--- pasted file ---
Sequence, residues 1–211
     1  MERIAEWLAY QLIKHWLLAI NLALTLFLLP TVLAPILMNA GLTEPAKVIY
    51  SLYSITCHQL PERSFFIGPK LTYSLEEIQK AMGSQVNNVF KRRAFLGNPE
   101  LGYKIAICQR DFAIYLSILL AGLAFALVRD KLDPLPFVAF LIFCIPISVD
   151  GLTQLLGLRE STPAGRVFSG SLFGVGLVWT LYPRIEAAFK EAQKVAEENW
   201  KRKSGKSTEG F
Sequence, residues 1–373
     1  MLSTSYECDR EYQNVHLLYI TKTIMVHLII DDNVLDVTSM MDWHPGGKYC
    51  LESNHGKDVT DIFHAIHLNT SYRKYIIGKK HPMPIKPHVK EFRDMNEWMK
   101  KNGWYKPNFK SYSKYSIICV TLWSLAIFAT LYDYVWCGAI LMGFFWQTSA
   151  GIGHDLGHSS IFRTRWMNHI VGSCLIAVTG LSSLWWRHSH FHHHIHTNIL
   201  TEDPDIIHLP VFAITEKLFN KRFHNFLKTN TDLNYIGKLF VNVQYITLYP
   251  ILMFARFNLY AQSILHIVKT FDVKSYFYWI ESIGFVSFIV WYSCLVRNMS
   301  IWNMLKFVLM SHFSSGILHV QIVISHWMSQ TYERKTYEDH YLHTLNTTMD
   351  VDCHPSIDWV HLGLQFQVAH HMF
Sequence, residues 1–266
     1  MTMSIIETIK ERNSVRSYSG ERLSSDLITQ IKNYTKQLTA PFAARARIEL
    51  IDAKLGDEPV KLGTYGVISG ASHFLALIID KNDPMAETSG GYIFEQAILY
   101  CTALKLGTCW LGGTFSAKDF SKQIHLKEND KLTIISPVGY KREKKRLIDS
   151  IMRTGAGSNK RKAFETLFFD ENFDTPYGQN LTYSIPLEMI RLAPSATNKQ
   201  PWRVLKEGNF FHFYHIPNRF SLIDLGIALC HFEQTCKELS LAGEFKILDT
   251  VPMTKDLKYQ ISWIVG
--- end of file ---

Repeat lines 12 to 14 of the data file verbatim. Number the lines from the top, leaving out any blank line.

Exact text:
   201  TEDPDIIHLP VFAITEKLFN KRFHNFLKTN TDLNYIGKLF VNVQYITLYP
   251  ILMFARFNLY AQSILHIVKT FDVKSYFYWI ESIGFVSFIV WYSCLVRNMS
   301  IWNMLKFVLM SHFSSGILHV QIVISHWMSQ TYERKTYEDH YLHTLNTTMD